China Sees Slowest Growth Since 1990; Misses Target

By Kevin Belanger,
International Business Writer

According to the latest economic information from China, the Chinese economy in 2014 grew at a rate of 7.4 percent, its slowest rate since 1990. This growth rate falls below the Chinese government forecast of 7.5 percent. According to the International Business Times, this is the first time since 1998 that the Chinese economy has failed to meet its forecasted growth rate.  Following the release of this information, Chinese Premier Li Keqiang spoke at the World Economic Forum in Switzerland in an effort to ease international concern about the Chinese economy. In his speech he explained that the Chinese government wishes to transition to an economy with slower, higher quality growth.

Reuters reports that this change may be necessary because the Chinese economy has largely been driven by investment, especially in the housing and construction sectors. However, consumer demand has not kept pace with investment, potentially creating a surplus of supply.

This has led to investor fears of “ghost cities.” Cities such as Ordos, in Inner Mongolia, were designed to house over one million people. However, there simply is not enough demand to fill these cities, especially because the apartments being built are often meant for wealthy citizens, not poor migrants. Chan Hin-Ling, a professor of Economics at Baptist University in Hong Kong argues that China will not be able to stimulate its economy by investing because this will only further increase the oversupplying of the market.

Oversupply also presents a serious problem to construction investors, many of whom have financed developments with foreign debt or through the Chinese shadow banking system. Without demand for their products, they face possible default and economic hardship. While home prices have risen slightly, development of new homes is at a five year low, indicating that investors are cooling to the idea of investing in development.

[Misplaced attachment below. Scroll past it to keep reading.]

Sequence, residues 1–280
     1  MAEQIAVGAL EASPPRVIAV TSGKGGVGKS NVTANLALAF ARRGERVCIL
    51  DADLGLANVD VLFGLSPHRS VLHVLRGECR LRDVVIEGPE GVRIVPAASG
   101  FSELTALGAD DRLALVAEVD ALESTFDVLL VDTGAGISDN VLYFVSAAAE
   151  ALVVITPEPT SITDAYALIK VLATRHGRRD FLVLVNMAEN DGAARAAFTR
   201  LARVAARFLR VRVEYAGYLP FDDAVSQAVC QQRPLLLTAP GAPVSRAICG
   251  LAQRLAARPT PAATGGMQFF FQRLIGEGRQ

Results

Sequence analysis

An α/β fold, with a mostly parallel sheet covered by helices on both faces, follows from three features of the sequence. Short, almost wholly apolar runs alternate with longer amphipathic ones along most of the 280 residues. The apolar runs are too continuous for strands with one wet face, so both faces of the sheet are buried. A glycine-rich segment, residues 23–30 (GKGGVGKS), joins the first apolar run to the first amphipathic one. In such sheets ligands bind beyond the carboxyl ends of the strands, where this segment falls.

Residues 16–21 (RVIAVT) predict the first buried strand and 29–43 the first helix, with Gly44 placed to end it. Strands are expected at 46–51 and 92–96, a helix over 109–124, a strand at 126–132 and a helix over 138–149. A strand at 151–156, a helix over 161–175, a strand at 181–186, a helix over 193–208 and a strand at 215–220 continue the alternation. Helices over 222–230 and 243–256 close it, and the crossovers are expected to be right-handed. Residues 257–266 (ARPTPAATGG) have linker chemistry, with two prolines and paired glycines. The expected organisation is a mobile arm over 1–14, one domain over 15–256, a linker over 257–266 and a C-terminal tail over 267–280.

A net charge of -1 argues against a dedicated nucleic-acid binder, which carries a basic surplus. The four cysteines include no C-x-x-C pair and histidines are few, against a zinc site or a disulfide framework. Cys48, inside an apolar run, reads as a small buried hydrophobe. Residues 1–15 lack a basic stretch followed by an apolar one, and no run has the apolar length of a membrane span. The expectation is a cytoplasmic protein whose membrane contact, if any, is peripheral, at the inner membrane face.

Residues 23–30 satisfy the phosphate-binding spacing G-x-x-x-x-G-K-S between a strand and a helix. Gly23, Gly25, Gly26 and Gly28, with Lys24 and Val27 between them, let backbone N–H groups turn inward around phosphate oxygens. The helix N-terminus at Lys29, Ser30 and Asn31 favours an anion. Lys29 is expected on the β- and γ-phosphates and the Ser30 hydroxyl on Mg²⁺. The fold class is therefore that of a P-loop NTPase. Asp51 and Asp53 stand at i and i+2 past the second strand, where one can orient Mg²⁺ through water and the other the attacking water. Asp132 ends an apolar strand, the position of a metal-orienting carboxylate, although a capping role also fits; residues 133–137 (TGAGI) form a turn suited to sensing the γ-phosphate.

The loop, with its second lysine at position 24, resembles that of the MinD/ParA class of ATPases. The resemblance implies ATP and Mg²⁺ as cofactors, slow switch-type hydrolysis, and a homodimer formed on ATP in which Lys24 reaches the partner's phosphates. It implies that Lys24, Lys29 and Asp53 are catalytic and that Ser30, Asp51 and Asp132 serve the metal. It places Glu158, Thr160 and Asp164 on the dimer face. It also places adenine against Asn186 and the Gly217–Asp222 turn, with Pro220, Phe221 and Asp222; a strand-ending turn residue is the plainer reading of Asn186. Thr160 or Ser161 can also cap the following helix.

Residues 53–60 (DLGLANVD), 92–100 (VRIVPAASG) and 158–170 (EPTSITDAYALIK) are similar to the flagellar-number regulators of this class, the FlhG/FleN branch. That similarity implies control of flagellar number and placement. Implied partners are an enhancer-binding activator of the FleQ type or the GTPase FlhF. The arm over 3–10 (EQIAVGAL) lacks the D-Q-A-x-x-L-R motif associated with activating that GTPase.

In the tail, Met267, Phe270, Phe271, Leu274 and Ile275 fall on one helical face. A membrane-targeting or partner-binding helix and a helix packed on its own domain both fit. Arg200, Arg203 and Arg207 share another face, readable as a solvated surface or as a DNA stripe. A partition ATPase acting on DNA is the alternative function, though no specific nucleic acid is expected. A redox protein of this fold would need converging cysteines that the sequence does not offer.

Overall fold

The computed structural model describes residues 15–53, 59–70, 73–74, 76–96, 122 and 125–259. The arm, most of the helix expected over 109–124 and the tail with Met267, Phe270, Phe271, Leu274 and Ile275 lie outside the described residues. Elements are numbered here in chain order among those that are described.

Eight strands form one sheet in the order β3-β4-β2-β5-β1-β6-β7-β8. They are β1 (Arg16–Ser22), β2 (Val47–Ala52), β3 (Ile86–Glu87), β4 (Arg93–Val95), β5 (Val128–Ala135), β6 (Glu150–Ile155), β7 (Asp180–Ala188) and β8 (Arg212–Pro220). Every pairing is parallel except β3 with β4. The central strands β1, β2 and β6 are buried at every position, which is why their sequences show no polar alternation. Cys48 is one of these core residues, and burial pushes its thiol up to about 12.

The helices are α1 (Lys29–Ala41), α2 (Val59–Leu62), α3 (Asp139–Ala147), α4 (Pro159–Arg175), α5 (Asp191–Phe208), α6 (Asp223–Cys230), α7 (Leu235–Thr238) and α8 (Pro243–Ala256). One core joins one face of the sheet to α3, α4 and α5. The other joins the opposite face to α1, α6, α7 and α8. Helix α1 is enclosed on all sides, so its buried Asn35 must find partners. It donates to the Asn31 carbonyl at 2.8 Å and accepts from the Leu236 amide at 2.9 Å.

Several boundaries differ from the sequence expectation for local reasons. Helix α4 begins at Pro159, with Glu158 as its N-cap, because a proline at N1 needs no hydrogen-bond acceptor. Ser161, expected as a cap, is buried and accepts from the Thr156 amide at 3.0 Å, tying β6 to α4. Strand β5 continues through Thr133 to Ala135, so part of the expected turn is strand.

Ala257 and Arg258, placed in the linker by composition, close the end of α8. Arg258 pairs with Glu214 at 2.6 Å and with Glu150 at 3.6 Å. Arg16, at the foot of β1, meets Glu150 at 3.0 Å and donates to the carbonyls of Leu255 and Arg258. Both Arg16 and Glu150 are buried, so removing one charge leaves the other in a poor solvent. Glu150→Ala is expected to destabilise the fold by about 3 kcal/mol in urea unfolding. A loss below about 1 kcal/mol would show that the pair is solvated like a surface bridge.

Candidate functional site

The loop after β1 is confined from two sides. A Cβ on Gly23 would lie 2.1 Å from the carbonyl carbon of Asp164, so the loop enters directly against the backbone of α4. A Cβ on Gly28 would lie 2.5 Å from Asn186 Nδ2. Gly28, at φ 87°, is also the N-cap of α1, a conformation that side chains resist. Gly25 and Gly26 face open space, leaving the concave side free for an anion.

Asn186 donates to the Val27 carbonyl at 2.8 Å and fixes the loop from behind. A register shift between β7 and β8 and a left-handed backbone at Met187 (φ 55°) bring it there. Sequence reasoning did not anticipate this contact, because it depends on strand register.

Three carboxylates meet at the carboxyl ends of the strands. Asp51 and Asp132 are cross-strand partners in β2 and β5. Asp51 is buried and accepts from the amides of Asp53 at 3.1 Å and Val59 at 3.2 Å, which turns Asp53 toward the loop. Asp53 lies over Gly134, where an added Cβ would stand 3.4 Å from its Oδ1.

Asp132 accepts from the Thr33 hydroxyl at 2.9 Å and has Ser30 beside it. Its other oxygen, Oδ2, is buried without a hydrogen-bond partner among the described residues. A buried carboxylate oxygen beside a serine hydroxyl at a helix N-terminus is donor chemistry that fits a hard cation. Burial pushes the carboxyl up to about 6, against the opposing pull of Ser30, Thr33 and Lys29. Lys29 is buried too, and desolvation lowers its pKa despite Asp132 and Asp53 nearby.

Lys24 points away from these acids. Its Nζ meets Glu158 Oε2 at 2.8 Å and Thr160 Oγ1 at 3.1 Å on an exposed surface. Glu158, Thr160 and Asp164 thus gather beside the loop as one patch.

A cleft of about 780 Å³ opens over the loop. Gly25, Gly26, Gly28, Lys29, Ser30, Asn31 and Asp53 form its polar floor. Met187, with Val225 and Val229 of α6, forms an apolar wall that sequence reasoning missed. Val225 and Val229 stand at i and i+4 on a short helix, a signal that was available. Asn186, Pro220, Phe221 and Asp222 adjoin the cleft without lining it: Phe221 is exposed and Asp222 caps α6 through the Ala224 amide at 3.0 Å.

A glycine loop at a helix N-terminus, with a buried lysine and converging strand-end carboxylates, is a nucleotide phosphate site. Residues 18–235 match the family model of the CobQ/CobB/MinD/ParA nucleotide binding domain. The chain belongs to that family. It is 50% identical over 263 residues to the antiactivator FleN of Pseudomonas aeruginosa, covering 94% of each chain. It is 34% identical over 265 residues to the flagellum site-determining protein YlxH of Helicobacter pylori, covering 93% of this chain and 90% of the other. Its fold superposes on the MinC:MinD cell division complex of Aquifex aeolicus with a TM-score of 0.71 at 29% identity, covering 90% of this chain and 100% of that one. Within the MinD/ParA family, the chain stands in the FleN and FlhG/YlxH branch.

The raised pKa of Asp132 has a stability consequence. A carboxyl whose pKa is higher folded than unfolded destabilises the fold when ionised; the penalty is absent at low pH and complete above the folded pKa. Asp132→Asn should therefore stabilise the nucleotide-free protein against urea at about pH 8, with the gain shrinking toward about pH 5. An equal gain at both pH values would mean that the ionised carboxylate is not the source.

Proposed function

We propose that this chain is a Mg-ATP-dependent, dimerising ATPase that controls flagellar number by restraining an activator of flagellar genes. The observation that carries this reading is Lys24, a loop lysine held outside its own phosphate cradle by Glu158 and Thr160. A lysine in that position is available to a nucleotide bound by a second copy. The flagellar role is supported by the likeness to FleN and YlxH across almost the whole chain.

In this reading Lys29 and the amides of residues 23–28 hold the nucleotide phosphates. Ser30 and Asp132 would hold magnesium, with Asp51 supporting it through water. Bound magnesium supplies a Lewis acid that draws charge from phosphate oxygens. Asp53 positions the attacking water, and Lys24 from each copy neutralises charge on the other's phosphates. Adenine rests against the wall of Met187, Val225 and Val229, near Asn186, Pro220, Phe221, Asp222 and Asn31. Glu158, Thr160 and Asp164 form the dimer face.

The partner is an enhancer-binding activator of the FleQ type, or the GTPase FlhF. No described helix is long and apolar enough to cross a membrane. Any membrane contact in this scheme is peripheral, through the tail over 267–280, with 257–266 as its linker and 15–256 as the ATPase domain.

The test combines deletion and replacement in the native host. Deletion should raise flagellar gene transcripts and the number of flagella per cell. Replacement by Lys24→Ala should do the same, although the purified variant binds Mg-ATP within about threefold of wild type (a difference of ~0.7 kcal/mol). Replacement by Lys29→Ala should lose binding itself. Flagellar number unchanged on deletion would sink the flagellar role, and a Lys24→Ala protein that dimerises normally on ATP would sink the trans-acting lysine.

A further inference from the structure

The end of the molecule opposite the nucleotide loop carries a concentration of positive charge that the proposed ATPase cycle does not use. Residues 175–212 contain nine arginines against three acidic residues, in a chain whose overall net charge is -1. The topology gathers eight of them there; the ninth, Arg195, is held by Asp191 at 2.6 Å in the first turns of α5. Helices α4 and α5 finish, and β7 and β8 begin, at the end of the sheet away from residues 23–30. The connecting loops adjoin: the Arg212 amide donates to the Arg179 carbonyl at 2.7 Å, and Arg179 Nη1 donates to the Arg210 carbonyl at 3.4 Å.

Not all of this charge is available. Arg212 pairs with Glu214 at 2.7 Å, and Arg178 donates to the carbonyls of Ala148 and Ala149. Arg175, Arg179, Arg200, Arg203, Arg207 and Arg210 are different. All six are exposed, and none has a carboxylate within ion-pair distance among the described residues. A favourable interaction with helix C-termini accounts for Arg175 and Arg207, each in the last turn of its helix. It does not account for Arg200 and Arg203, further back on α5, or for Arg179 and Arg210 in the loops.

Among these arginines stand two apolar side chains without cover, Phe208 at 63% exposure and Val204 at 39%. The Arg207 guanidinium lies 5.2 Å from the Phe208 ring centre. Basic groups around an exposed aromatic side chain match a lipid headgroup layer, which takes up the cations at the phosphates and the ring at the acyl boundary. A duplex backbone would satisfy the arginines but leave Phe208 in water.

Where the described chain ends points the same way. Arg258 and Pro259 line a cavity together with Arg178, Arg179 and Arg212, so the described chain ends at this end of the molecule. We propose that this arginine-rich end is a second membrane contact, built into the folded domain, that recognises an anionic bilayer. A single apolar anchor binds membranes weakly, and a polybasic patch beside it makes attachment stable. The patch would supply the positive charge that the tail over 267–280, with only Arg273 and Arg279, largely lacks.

In addition to lower prospects for growth, the government has also recently taken efforts to rein in pollution by creating new laws restricting pollution and more stringently enforcing existing laws. While Xu Xinpeng, a professor at Hong Kong’s Polytechnic University, believes that such change is important to China’s future, he does acknowledge that increased regulation of pollution could hurt China’s thriving manufacturing industry. However, if the trend of urbanization continues, new city populations will require the service sector to grow, possibly creating new jobs, according to Larry Chu of the University of Hong Kong.

This economic news comes on the heels of a World Bank report released in 2014 which cut expectations for economic growth in East Asia. In this report, the World Bank also predicted that China would need to stabilize its economic policy, which would reduce the speed of growth.

However, despite worries about growth, the Chief Economist of the International Monetary Fund believes that the lowered growth is a signal that China is making a serious effort to reform its investment and export driven economy to one that is more consumer driven.

Darius Kowalczyk, an analyst for Credit Agricole, believes that the Chinese government will cut interest rates in an attempt to boost the economy. However, other analysts believe that there is too much debt in the Chinese economy and thus banks will not be willing to invest in new projects.

A version of this article appeared in the Tuesday, January 27th print edition.

Contact Kevin at
kevin.belanger@student.shu.edu

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